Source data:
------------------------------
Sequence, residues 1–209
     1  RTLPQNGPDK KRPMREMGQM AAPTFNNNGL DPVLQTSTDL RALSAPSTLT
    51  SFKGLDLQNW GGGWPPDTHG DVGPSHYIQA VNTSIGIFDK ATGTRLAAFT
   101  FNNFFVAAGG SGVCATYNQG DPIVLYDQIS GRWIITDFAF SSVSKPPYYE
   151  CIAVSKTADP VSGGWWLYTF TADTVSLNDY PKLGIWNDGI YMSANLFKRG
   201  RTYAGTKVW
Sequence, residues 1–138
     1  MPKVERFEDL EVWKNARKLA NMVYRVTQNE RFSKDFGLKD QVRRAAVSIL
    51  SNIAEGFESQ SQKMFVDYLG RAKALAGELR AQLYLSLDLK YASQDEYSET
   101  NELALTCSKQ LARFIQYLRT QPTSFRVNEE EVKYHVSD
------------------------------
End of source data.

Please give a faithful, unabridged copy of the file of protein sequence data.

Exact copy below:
Sequence, residues 1–209
     1  RTLPQNGPDK KRPMREMGQM AAPTFNNNGL DPVLQTSTDL RALSAPSTLT
    51  SFKGLDLQNW GGGWPPDTHG DVGPSHYIQA VNTSIGIFDK ATGTRLAAFT
   101  FNNFFVAAGG SGVCATYNQG DPIVLYDQIS GRWIITDFAF SSVSKPPYYE
   151  CIAVSKTADP VSGGWWLYTF TADTVSLNDY PKLGIWNDGI YMSANLFKRG
   201  RTYAGTKVW
Sequence, residues 1–138
     1  MPKVERFEDL EVWKNARKLA NMVYRVTQNE RFSKDFGLKD QVRRAAVSIL
    51  SNIAEGFESQ SQKMFVDYLG RAKALAGELR AQLYLSLDLK YASQDEYSET
   101  NELALTCSKQ LARFIQYLRT QPTSFRVNEE EVKYHVSD